Practical Tips for Saving on Household Bills and Expenses
Take Control of Your Family’s Most Essential Expenses
Are you “over” advertisers trying to sell you on easy government grants or breathing techniques that lead you to wealth, or a “cure” to your debt? Whatever it’s being called today, these alleged wealth-building schemes prey on people down on their luck, so to speak.
When the chips are down and your income has been reduced here are a few of the most common AND essential household expenses and tips for stretching your buck and streamlining expenses:
A roof over your head and a safe haven for your family is a priority survival expense. If you have a mortgage or rent make this bill a top priority. Alternative living situations include moving in with family in the case of a rent, or renting out a room in your home if you pay a mortgage.
If you are not bound to a sub-prime mortgage, you could qualify for a loan modification or mortgage refinance when the Homeowner Affordability Stability Plan * takes effect.
Keeping your home warm and lit is a priority. However, most consumers can make multiple adjustments in habits and behaviors that collectively will create nearly instant and visible savings in monthly bills:
- Lower your heat settings
- Lower your temperature on the hot water heater
- Turn off any and all lights when not in use
- Shut down computers when not in use
- Replace incandescent light bulbs with compact fluorescent bulbs and use 75% less energy **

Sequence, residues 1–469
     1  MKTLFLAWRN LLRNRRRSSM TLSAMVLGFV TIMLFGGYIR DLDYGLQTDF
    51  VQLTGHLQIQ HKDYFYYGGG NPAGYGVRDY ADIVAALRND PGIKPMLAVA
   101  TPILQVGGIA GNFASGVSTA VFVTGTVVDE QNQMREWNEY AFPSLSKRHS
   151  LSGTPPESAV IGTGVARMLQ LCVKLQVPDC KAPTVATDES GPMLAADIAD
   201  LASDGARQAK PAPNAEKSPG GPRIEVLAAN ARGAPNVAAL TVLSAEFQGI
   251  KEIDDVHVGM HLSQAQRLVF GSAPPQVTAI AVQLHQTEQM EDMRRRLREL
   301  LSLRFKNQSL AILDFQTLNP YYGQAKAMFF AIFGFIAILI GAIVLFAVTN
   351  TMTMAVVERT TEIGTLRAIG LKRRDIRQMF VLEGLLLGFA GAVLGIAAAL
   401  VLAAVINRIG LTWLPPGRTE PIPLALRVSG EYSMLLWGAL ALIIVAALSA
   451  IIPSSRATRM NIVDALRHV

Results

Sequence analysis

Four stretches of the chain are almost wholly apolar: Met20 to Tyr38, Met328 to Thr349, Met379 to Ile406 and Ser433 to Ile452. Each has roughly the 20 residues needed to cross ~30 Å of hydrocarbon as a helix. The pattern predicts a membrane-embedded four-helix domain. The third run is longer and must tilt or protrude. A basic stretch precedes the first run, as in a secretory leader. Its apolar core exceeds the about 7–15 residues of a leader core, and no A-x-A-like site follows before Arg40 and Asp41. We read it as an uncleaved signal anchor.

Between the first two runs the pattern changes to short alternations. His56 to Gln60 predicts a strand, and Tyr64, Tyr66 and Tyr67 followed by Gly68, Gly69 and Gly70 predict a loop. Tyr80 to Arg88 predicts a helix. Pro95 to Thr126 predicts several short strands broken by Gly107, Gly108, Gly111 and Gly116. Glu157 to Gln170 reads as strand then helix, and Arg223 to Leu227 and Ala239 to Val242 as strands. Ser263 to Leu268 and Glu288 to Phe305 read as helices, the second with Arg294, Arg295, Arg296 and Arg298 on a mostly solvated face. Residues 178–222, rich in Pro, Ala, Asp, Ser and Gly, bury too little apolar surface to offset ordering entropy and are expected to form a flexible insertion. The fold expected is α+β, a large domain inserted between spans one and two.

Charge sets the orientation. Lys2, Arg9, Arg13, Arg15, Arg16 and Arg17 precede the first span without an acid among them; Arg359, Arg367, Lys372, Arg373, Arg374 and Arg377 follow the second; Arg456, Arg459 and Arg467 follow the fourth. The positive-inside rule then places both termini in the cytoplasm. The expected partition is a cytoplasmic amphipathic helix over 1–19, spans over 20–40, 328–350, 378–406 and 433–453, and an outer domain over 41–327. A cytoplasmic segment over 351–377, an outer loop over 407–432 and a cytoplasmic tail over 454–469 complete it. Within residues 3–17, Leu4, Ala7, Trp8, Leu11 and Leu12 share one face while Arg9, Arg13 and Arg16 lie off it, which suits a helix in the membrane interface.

- Install dimmers for overhead lights
- Cancel cable television subscriptions
- Downsize your cellphone plan
- Check out your state’s energy assistance program.
It’s a bad idea to try and survive without your prescribed medications or those of others in your family and household. In the end your healthcare costs will suffer, likely in response to neglect. Here are a few smart options for slashing pharmacy costs:
- Ask your pharmacist for a generic version of a brand-name medication or over the counter alternatives.
- Shop where you can get a good deal on prescription meds; for example, Walmart’s $4 and $10 discount drug program includes dozens of prescription drugs. You can also buy over the counter drugs in the same price points.***
Putting food on the table is one of your top priorities, but when it comes time to “hunt and gather,” so to speak, here are a few tips. Use them collectively to make a difference:
- Don’t go to the grocery store hungry
- Take a list and have a budget
- Use a calculator and add up items as you go along; once you’ve met your budget stop shopping.
- Clip coupons and shop the local grocery sales.
- Stock up on buy-one-get-one-free deals
- Shop for food items that are staples or ingredients you need to create meals and dishes
- Eliminate spendy snack items and soft drinks
- Buy in bulk
- Control eating-out habits
- Cut your morning latte habit and make coffee at home
- Local farmers’ markets are often much cheaper venues for fresh produce